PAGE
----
Forget the medal standings. Britain is the big winner at these Olympics with huge crowds lining glorious backdrops and athletes draped in the Union Jack. Canada’s storyline is somewhat more complicated, however. Somewhere between Switzerland and Colombia, depending on how you rate success. Scan the code for the story.


sports: London Games Monday, August 13, 2012


Weekend in pictures

2 The captain of Canada’s women’s soccer team, Christine Sinclair of Burnaby, B.C., was named the flag bearer for the closing ceremony on Sunday at the Canadian Olympic Committee closing press conference for the London Games. Neil Davidson/the canadian press

Canadian Olympians give Games thumbs up London 2012. Glowing reviews for organizers thanks to few issues and fair weather The reviews are in and they’re overwhelmingly positive. Boosted by co-operative weather and few logistical, food and travel issues, several prominent Canadian athletes gave a big thumbs up to the London Games as the Olympics came to a close Sunday. “It’s been perfect,” said Canadian soccer star Christine Sinclair. “No issues, the people are so friendly, everything has been so organized. It’s been tremendous.” Sinclair was named Canadian flag-bearer after guiding the national women’s team to a bronze medal. She also competed for Canada at the 2008


“We’re happy we were here and we’re proud to represent our country. And I couldn’t be more proud to be Canadian, that’s for sure.”Kayaker Ryan Cochrane Games in Beijing. The intense humidity, heat and smog that were a constant in China four years ago were not a problem in England. There were some showers from time to time but the fears that this would be one of the soggiest Games in history were not realized. Athletes raved about the location of the Olympic Village, which was close to a large shopping mall, Olympic Park and several of the venues. Language, cultural differences and unfamiliar food were much less challenging compared to some of the hurdles in Beijing and at the Athens Games in

2004. Kayaker Adam van Koeverden, who took the silver in the K-1 1,000 metres, has won medals at the last three Olympics. He said the 2012 Games were “fantastic.” “My eyes were wide open the whole time,” he said. “I was just taking it all in. I’m very cognizant of the fact there are fewer great races ahead of me than there are behind me. I’m just looking forward to every single one. I want to soak them all in. “I’ve got awesome memories.” His teammate, Ryan Cochrane, competed with Hugues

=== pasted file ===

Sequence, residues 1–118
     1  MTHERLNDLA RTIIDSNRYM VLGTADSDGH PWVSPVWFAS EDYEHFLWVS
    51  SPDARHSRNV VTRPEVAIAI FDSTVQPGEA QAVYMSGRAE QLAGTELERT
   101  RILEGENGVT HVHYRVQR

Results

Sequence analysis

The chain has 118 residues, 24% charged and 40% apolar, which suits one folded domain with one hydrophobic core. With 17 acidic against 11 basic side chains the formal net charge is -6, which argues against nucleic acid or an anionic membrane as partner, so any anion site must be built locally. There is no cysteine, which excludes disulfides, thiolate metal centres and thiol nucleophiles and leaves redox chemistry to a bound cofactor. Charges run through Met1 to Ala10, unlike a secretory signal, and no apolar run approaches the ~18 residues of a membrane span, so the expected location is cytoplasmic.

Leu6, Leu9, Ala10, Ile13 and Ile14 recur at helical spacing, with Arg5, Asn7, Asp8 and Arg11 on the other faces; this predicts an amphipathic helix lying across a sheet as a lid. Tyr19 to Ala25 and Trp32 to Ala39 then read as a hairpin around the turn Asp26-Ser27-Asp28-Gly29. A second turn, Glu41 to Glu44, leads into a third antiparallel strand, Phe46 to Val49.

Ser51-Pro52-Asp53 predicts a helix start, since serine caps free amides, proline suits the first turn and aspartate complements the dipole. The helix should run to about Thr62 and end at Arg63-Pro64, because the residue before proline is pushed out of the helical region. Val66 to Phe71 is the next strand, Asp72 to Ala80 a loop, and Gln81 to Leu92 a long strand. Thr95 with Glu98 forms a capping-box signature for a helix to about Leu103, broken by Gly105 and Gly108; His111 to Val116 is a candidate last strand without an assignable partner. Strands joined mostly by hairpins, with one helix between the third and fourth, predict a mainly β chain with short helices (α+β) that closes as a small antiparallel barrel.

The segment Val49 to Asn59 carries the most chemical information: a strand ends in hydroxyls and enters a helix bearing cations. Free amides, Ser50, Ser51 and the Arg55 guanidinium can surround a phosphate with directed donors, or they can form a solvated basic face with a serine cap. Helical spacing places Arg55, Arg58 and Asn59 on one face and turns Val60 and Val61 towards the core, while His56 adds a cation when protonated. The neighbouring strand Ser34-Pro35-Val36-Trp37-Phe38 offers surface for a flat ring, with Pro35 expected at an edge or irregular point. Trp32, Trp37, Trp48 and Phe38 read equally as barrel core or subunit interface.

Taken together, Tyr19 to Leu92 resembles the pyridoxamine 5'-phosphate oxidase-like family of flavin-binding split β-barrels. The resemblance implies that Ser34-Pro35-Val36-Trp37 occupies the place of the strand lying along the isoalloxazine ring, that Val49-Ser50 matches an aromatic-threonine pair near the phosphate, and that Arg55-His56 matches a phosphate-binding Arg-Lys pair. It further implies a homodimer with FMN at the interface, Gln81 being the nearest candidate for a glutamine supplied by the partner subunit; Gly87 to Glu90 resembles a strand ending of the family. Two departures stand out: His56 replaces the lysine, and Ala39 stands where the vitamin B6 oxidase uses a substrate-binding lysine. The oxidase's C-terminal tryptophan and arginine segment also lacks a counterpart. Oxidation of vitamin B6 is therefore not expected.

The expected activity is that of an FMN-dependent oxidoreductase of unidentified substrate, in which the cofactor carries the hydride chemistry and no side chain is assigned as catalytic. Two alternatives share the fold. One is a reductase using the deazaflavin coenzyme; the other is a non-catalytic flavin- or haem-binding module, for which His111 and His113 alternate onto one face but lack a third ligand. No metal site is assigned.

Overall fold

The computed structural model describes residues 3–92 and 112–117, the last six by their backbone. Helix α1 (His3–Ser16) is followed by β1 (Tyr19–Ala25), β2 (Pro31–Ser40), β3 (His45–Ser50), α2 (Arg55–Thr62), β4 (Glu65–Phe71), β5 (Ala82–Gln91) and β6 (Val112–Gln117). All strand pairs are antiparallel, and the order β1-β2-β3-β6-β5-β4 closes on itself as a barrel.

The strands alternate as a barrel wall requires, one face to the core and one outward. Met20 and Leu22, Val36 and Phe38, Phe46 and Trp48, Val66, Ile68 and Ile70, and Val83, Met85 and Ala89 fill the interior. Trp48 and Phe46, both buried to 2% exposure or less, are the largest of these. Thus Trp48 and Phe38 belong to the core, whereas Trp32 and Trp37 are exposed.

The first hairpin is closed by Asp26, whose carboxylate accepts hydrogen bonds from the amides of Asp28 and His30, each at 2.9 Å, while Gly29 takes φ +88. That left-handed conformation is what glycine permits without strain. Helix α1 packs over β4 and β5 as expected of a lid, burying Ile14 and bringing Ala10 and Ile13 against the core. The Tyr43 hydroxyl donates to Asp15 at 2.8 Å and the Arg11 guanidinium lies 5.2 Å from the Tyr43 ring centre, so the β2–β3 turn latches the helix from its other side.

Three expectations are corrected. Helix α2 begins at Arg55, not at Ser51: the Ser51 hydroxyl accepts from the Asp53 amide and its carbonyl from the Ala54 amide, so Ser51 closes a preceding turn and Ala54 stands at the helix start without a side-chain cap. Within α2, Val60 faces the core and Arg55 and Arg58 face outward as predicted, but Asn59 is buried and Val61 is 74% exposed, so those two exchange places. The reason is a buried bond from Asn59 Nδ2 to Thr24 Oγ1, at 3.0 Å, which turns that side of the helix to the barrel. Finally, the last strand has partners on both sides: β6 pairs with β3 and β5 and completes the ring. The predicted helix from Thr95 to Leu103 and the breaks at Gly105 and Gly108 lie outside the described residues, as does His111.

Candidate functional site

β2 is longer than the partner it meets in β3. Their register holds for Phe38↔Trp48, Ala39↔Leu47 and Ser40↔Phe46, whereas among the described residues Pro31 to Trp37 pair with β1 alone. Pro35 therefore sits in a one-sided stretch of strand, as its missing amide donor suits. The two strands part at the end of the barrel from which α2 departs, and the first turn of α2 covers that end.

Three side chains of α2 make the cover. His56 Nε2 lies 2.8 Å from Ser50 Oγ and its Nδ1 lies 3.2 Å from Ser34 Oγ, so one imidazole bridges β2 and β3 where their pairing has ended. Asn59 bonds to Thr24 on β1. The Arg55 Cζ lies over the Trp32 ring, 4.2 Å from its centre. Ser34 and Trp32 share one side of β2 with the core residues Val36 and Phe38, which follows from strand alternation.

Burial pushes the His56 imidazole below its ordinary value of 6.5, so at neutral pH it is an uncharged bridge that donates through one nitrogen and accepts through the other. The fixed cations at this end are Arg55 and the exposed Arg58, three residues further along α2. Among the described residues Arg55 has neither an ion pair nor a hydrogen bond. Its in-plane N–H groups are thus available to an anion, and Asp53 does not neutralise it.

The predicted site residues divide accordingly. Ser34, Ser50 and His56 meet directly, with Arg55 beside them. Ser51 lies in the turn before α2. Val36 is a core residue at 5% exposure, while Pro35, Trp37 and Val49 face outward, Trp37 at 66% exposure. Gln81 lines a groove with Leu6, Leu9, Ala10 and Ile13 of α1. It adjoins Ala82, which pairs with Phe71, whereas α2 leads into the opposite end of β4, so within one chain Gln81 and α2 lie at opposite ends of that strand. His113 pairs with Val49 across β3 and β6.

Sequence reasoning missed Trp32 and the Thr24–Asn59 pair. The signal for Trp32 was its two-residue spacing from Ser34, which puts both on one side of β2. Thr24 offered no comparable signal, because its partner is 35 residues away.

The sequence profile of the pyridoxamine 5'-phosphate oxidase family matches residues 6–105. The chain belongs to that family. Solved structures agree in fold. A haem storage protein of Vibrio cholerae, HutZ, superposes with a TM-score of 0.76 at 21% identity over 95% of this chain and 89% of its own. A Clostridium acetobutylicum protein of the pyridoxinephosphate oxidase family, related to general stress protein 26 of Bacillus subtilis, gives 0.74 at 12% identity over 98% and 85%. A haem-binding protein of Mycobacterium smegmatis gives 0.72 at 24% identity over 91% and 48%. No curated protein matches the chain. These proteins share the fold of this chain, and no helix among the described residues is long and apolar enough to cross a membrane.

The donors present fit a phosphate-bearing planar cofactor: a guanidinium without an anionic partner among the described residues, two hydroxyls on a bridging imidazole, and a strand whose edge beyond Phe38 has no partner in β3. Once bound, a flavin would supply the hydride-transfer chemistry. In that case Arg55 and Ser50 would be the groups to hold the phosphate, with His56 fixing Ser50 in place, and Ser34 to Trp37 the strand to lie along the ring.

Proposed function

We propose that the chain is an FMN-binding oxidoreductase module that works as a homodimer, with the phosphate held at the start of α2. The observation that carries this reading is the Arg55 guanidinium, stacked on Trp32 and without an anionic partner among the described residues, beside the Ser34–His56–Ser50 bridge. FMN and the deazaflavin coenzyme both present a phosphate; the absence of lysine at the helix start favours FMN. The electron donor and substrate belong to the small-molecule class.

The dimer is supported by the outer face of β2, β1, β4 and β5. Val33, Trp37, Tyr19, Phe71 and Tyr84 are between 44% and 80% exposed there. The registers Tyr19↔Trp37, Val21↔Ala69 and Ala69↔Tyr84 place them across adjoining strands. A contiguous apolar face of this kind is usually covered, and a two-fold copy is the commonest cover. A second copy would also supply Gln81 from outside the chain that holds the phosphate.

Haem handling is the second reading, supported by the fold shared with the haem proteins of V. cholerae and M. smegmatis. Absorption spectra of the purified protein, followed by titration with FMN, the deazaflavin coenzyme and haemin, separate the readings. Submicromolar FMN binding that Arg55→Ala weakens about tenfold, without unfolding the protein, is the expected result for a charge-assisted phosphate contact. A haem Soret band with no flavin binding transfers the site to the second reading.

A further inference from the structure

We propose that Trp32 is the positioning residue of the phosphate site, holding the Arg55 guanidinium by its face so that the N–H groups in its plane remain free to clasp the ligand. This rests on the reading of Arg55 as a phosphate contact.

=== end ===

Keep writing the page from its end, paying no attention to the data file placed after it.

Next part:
Fournel in the K-2 200 and K-2 1,000 metres. Cochrane wasn’t sure what to expect at the start of his first Games. “It’s just another race when you’re here but everything else is kind of overwhelming — in a good way, most definitely,” he said. Many athletes raved of the team culture that existed in the Olympic Village and at Canada Olympic House, which was home to medal celebrations throughout the Games. “As an experience on its own, it has been wonderful,” said triathlete Simon Whitfield, who competed in his fourth Games. “London has done an incredible job. I had a huge disappointment in my race but every other moment has been amazing in London.” the canadian press

Canada matches 2008 medals

Marathon swimmer Richard Weinberger with his bronze medal on Friday. the canadian press

Memorable moments, yes, but Canada’s overall performance at the London Olympics was unexceptional. The same number of medals won as 2008 with fewer gold and silver, while falling just outside the goal of a top12 finish in the overall medal count was a lukewarm outcome. That doesn’t diminish the

feats of Canada’s medallists in London. On the biggest stage in sports, they rank among the top three in the world. Eighteen medals put Canada 13th in the overall medal count, two behind Hungary and the Netherlands, who were tied for 11th. Canada finished with one gold, five silver and a dozen bronze. The country won three

gold, nine silver and six bronze at the 2008 Games to finish tied for 14th in Beijing. The lone gold medal in 2012 is the fewest for Canada at a Summer Olympics since 1976, when the host country won zero in Montreal. Canada was the only country in the top 25 with fewer than two gold medals. the canadian press




4x100 relay. Heartbreak for Canadian sprinting team

A single misplaced step cost Canada a bronze medal in one of the marquee events at the Olympics on Saturday. The Canadian team was disqualified from the final of the men’s 4x100-metre relay Saturday after thirdleg runner Jared Connaughton of New Haven, P.E.I., stepped on the line. Jamaica won gold in a world-record time of 36.84 seconds, the United States took silver in 37.04 and Trinidad and Tobago won bronze after Canada’s disqualification. The Canadian Press


Soccer. Mexico pulls off gold-medal stunner vs. Brazil


Kayak. De Jonge finishes strong Olympics for Canadian paddlers

Mexico didn’t need its top stars, the home crowd or rich tradition to win the Olympic gold medal in men’s soccer on Saturday. The North American country did it with a team few believed would be contending at the end, a team which stunned the heavily favoured Brazilians with a goal just 29 seconds into the final on its way to a 2-1 victory. The associated press